Awesome, unique British festivals….

It’s not all about tea, crumpets, and royal weddings in the United Kingdom. Just like every other culture, Britain is home to some weird yet awesome and wonderful festivals.

To some outsiders, the Brits may seem prim, proper, and a bit too serious at times. But a closer look will bring about a change of mind. From the ancient to the latest, here are seven unusual festivals in Britain;

Run To The Sun:
Venue: Newquay, Cornwall
Dates: 23-26 May

VW convoy at the Run to the Sun Festival

This event has a 22-year history. Run to the Sun has simply been a group of VW Campervan owners getting together to drive to the beach in Cornwall. This event which began with just a handful of cars has grown into a fully fledged three-day music festival, with four arenas and two sites, but till today, it still starts with ‘the cruise’ – campervans and VW Beetles.

All the drivers meet at Heston services on the M4, then proceed towards Newquay, picking up more vehicles as they go along. One of the years got into the World Guinness Book of records as the most created convoy which is 8km long! The festival rounds up with lots of food, music, swimming, sales and car stunts.

Leigh Folk Festival:
Venue: Essex
Date: 26-29 June

Bely Danvers entertain at the Leigh Follk festival 2017

This might be the largest free folk festival in Britain, but it’s still gentle and easy to navigate. Concerts takes place in the halls and pubs around Leigh-on-Sea.

Zoo Thousand And Eight:
Venue: Ashford, Kent
Date: 4-6 July

A stage performance at the Zoo8 festival

Animals get in on the festival scene when Zoo Thousand and Eight takes place at Port Lympne Animal Park. There’s a strong line-up that aims to attract thousands of participants, who will be able to use the zoo’s facilities, including shop and cafe. Visitors will be able to take in the zoo’s attractions, including black rhinos and gorillas. People also take advantage of this opportunity to go camping.

Workhouse Festival:
Venue: Llanfyllin, Powys
Date: 4-6 July

A section of the venue of the Workhouse festival

The Workhouse Festival is a mix of music, cabaret, film, and kids’ entertainment and it takes place in the most unlikely setting – the grounds of the Workhouse Building, built in 1838 to house 250 paupers, just outside the small Welsh village of Llanfyllin. There are dance, music and workshops for adults and children as the festival showcases local musicians. The festivals also reserves an area for exhibitors to display their environmental innovations.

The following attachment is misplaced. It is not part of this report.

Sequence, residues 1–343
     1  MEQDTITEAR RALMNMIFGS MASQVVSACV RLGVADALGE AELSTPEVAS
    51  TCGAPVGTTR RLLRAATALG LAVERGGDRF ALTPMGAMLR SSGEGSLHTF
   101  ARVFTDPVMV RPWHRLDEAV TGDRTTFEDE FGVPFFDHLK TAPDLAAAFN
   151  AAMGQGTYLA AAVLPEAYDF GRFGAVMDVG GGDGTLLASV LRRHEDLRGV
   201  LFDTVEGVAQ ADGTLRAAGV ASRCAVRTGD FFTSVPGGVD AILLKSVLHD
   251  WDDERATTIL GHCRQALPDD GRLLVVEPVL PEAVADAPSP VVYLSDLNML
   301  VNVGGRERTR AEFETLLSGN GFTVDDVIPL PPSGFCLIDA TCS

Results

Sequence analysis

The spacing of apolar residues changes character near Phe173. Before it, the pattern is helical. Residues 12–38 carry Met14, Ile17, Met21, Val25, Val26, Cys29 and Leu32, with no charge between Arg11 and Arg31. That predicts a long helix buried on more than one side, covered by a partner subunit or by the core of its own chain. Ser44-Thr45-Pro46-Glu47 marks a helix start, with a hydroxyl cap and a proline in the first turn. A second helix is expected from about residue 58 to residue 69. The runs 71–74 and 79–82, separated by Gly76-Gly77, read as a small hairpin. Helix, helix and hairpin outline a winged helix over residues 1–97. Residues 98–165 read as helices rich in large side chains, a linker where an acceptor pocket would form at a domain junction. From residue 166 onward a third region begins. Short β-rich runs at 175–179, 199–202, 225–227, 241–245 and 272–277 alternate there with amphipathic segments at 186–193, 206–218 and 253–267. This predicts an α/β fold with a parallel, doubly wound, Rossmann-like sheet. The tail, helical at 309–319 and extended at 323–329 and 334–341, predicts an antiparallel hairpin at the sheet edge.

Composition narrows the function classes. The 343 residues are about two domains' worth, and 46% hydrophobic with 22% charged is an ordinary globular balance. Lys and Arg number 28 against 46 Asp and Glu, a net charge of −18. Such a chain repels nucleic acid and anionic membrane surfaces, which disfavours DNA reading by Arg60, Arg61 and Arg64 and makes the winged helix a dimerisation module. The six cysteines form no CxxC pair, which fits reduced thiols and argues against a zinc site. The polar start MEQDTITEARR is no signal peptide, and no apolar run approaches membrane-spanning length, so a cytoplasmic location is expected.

World Toe Wrestling Championship:
Venue: Derbyshire
Socks off – ready, set, wrestle!

A toe wrestling match

This is not your average wrestling match. The World Toe Wrestling Championship attracts crowds from all over as competitors battle it out in the quaint setting of an English pub.
This sport that the Brits have dominated for the past decade involves opponents interlocking toes and trying to force each others’ feet off the “toedium” or to their respective sides of the “ring”.
It’s a struggle for the players but pretty hilarious for the audience.

International Festival of Wormcharming:
Venue: Devon

Worm charmers doing what they know best

Catching worms?! Well, yes! Yes, you read that correct.
Wormcharming is in fact an act that hundreds of people come to witness in Blackawton, Devon. This was once voted as Europe’s most unmissable festival. This unusual family event challenges costume-clad “charmers” to collect as many worms as possible in just 15 minutes.

Scottish Highland Games:
Venue: Scotland

Tug of war at a Scottish Highland Game session

Somewhat related to music, this famous games feature athleticism, competitive pipe bands, and technical dancing. While it is adopted worldwide, the origins of the games stem from the scenic areas of splendid Scotland and celebrate Scottish and Celtic culture.

Bog Snorkelling Championships:
Venue: Wales

Spectators at the Bog Snorkelling Championship

Just when you thought you’d seen it all!
The Welsh introduced bog snorkelling race to the world. Racing in a 60-yard trench, these competitors like to, “play dirty”, and take on the race in costume while spectators cheer them on along the way in the grassy town of Llanwrtyd Wells.

You see, there is no culture without its unusual festivities. It might sound and look strange to you but you can bet the people are enjoying its awesomeness. So, as we await the end of the pandemic, start ticking your calender for festivals to attend when you visit Britain.

What other unusual sport have you seen people of a culture engage in? Please share with us in the comment section.

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